It soon becomes obvious that the missionaries Brother Fernando is searching for were murdered by the two despots. When Alex, Nadia, Kate, and their companions are made "guests" in the village they realize the only way they can save themselves is if they can convince the locals to rise up against their rulers. Alex and Nadia manage to escape the village and join up with a hunting party of pygmy men – they have a day within which to capture an elephant or their children will face reprisals. The challenge for Alex and Nadia is to find a way to help the men regain their confidence sufficiently to be able to stand up for themselves against their enemies.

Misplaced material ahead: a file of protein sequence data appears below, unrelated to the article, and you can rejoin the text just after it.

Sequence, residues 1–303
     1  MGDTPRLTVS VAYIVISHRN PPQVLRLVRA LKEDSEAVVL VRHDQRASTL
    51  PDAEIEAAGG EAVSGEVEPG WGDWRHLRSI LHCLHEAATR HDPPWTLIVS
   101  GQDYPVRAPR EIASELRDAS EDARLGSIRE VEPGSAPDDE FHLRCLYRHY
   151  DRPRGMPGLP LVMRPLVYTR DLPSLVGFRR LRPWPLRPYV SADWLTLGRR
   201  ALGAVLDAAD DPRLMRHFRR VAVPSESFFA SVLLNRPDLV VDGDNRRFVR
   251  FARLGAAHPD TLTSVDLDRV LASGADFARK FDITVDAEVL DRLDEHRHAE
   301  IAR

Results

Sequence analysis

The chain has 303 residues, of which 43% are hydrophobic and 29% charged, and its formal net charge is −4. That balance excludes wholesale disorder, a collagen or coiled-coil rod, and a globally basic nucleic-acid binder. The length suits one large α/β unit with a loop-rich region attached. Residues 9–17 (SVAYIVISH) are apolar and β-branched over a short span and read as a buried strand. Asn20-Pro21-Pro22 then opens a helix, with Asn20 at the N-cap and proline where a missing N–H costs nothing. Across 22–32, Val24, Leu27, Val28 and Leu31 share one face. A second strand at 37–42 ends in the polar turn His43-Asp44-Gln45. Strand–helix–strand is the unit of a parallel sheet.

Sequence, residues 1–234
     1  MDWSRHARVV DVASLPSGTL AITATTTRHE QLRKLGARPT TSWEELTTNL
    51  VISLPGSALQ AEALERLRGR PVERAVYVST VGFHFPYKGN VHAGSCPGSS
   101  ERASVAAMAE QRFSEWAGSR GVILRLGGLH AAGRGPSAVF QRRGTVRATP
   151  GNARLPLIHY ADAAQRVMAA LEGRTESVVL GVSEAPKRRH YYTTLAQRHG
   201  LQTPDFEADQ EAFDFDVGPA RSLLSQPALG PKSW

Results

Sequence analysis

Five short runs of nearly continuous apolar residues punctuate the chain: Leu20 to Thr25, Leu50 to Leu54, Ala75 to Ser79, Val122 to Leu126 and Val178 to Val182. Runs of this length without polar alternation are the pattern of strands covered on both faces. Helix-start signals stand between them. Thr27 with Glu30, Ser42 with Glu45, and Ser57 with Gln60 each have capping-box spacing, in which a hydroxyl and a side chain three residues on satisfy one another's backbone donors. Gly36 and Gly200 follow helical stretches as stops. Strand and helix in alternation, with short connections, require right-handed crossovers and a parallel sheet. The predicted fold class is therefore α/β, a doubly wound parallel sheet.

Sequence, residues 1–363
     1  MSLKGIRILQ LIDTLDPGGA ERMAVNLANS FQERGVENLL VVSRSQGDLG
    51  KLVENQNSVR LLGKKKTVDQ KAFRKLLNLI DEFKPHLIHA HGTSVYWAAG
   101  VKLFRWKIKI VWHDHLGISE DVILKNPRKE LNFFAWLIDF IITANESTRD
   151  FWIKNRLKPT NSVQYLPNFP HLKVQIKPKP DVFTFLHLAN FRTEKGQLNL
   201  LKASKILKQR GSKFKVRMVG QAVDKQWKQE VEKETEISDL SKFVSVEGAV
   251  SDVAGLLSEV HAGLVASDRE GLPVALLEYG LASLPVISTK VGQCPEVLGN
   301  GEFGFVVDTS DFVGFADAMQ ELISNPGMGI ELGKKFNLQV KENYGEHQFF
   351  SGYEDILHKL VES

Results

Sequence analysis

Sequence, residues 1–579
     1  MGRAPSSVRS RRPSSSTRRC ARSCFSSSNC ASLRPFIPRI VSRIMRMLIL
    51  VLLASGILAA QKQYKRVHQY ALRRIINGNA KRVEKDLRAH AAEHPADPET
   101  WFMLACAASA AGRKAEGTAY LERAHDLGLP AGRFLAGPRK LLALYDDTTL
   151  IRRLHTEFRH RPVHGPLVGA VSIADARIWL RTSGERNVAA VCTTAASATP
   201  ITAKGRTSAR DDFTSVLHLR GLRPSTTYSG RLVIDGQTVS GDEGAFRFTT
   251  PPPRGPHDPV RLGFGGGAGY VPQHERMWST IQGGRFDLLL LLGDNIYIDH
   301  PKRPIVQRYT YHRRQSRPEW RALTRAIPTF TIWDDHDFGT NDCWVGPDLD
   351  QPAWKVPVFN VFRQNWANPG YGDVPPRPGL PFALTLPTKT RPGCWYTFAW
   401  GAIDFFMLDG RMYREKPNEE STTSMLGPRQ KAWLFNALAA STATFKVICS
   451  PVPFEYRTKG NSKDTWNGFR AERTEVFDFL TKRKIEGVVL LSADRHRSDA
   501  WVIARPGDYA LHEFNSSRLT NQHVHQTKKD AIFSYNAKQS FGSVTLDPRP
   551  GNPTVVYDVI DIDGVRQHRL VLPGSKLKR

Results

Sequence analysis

As in the earlier book, The City Of The Beasts, Isabel Allende has her heroes find the answer by learning about the people they are trying to help. The pygmies are ancestor worshipers and believe in the power of the spirit world. Alex and Nadia spend a night in their burial grounds in an attempt to communicate with those who have gone before in order to find the means to restore the people's pride and sense of self. While the experience they have may border on the supernatural in some people's eyes, they learn not only about the pygmies, but gain a deeper understanding of their own fears and aspirations.